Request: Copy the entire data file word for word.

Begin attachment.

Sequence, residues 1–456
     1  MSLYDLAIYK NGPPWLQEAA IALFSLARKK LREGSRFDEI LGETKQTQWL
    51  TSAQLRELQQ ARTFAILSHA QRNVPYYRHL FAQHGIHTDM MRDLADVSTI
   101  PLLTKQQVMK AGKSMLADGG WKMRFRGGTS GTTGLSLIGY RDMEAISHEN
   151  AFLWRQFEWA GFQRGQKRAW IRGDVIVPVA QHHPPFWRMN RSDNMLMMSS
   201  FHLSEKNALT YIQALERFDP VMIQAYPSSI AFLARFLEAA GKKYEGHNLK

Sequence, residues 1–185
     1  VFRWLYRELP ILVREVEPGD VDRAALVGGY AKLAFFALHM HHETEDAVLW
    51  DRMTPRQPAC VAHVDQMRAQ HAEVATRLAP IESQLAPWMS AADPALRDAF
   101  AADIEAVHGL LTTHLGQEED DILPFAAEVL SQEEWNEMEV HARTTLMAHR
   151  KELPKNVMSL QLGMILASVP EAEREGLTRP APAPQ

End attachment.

Sequence, residues 1–456
     1  MSLYDLAIYK NGPPWLQEAA IALFSLARKK LREGSRFDEI LGETKQTQWL
    51  TSAQLRELQQ ARTFAILSHA QRNVPYYRHL FAQHGIHTDM MRDLADVSTI
   101  PLLTKQQVMK AGKSMLADGG WKMRFRGGTS GTTGLSLIGY RDMEAISHEN
   151  AFLWRQFEWA GFQRGQKRAW IRGDVIVPVA QHHPPFWRMN RSDNMLMMSS
   201  FHLSEKNALT YIQALERFDP VMIQAYPSSI AFLARFLEAA GKKYEGHNLK

Sequence, residues 1–185
     1  VFRWLYRELP ILVREVEPGD VDRAALVGGY AKLAFFALHM HHETEDAVLW
    51  DRMTPRQPAC VAHVDQMRAQ HAEVATRLAP IESQLAPWMS AADPALRDAF
   101  AADIEAVHGL LTTHLGQEED DILPFAAEVL SQEEWNEMEV HARTTLMAHR
   151  KELPKNVMSL QLGMILASVP EAEREGLTRP APAPQ